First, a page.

The HarvestLab 3000 Near Infra-Red (NIR) sensor tells the farmer exactly what their slurry consists of. Alexander Berges, productions systems manager at John Deere, explains how this facilitates better fertiliser planning and reduced diesel consumption.
Agriculture is generating more and more data, and more and more farmers are engaging in precision farming. Insightful facts and figures on the topic of digitalisation.
Introducing precision technologies into day to day farming practice can be a challenge. However, no one needs to start out alone. We place the spotlight on two stakeholders in the green sector, who are playing a central role in the adoption of digital agriculture: Dealerships and agricultural contractors.
Agricultural contractor AIS Schier has been focusing on core fertiliser and lime applications for many years. General manager Holger Schier describes how they even out the pH value of a field and why this approach is a good starting point for precision agriculture.
The right food makes both animal and farmer happy Contractor Andreas Feil knows this well. Thanks to the HarvestLab™ 3000, he can analyze the corn harvest down to the last fiber while still in the field, thus harvesting only the best silage.
Technology has boomed in popularity over recent decades – its advancement hailed as the making of a fourth agricultural revolution. But while precision technology has a sleekness in design it is far from vanity gadgetry and offers producers an insight into sustainable data.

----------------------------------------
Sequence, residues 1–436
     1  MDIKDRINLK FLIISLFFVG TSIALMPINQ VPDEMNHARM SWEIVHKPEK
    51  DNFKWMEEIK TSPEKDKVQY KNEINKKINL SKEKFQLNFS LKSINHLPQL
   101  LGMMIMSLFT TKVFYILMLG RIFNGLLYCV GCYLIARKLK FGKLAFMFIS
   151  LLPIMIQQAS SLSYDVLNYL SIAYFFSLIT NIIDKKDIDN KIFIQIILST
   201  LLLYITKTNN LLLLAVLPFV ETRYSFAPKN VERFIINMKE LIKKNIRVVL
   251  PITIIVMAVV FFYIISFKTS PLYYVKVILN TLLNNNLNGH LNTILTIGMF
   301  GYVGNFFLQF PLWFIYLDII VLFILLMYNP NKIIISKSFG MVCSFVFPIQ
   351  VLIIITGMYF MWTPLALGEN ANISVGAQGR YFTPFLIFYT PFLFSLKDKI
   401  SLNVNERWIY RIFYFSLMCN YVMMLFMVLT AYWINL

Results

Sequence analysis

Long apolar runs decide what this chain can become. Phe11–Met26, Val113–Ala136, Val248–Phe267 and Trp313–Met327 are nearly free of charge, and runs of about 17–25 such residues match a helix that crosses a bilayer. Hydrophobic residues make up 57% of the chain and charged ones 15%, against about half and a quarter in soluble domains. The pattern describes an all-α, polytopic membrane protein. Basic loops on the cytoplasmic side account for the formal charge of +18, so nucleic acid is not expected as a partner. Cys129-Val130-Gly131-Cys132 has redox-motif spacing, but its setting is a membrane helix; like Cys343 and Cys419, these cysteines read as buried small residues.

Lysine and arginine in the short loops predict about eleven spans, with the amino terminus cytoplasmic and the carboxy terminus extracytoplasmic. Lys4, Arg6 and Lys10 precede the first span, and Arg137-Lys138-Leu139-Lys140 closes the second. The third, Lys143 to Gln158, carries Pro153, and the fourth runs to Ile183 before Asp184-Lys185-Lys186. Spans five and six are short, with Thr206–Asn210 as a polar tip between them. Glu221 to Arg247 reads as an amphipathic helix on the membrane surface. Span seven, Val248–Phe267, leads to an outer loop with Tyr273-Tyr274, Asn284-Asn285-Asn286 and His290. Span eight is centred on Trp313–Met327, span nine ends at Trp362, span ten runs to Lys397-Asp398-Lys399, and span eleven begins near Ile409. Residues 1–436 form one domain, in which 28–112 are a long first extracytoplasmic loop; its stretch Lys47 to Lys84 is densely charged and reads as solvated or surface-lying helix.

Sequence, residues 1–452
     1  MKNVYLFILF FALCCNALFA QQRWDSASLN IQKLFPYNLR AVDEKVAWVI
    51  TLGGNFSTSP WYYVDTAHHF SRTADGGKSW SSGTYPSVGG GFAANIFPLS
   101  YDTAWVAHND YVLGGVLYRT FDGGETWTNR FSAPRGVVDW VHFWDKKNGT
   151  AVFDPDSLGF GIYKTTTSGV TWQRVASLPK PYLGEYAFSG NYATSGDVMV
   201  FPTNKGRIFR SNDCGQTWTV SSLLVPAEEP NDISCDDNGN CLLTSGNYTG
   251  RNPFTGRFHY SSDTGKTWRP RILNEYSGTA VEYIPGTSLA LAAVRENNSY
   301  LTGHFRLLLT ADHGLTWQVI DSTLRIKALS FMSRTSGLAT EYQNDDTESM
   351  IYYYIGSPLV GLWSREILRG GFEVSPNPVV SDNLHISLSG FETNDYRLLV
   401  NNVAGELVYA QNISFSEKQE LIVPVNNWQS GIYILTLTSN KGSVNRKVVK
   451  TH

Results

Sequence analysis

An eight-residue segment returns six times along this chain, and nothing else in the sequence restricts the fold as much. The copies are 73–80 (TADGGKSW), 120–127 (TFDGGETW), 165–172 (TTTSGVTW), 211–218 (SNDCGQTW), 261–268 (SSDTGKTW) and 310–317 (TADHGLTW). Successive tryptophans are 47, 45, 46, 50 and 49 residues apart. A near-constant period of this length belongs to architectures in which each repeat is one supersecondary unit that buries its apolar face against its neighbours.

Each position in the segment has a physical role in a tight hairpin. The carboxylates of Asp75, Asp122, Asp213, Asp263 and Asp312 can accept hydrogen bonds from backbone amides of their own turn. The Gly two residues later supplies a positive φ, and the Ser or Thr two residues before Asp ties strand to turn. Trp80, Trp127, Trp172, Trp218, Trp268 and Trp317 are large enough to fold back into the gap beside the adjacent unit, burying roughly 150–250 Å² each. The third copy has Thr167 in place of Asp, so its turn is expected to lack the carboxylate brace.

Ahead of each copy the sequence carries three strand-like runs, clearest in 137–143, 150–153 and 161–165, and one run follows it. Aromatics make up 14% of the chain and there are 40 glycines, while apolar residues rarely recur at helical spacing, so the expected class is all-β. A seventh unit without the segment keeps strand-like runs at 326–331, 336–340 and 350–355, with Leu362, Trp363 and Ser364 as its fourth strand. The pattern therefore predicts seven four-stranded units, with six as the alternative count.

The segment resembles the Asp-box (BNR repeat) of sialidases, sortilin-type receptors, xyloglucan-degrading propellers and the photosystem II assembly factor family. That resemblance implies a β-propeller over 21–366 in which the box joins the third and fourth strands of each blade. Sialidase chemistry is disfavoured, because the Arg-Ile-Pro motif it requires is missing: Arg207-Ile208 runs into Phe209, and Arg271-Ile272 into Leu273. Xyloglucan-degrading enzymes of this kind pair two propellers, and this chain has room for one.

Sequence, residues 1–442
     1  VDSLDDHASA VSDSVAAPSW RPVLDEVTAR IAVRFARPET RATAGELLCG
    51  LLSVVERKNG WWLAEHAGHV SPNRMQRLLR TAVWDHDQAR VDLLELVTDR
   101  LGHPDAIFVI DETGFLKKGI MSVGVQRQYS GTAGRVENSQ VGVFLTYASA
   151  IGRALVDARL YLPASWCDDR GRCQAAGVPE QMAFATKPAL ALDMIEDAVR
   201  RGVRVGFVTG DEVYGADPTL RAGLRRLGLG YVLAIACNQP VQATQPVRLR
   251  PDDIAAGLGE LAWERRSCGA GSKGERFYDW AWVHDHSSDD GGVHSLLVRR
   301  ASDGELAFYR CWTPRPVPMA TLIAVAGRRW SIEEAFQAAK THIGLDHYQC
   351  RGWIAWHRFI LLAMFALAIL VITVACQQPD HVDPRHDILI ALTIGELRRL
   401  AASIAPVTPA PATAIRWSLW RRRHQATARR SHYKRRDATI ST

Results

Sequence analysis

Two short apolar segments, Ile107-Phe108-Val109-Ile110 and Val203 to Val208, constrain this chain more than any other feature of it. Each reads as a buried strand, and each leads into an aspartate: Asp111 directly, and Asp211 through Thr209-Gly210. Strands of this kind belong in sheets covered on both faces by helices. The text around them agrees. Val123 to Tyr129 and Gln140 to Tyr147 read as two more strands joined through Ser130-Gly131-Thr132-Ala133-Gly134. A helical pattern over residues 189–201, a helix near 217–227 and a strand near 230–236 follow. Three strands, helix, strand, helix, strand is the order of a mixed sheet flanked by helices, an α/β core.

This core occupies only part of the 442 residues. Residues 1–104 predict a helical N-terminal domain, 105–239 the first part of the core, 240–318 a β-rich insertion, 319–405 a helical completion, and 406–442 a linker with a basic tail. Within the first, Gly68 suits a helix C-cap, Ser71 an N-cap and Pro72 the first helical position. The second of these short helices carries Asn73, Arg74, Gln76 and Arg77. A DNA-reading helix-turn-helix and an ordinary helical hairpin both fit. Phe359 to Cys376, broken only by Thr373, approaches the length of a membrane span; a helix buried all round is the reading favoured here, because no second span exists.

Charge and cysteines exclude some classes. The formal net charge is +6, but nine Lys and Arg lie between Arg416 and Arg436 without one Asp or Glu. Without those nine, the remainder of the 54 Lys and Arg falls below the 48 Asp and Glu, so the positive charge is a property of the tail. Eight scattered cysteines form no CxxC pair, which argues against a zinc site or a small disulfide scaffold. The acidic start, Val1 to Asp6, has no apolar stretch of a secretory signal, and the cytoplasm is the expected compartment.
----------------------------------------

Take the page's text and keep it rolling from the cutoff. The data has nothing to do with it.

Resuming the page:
At John Deere's site in Kaiserslautern in Germany, Torsten Kreutzer works on developing mobile apps for modern agriculture and precision farming. At the family business based in his hometown, he personally tests the applications in the field.
The cloud-based Operations Centre offers solid base functionalities plus more than 180 third-party software products to serve special requirements. In the South West of France, one farmer has put this feature to the test.
Precision farming can make farms more efficient, sustainable and economic. But with the multitude of possibilities, the question often arises: "Where to start? We show examples of three farmers who have dared to take this step and tell you how they did.
Cameras, algorithms, drones, and other new ideas: Intelligent technology can make plant protection much more efficient. We explain how it works, what John Deere is working on and why the farmer still plays the decisive role.
What would an electric tractor look like if we didn't have to think about the power supply anymore? Simon Pfaffmann from John Deere's ETIC invites us to take part in a thought experiment – and explains how real this idea is.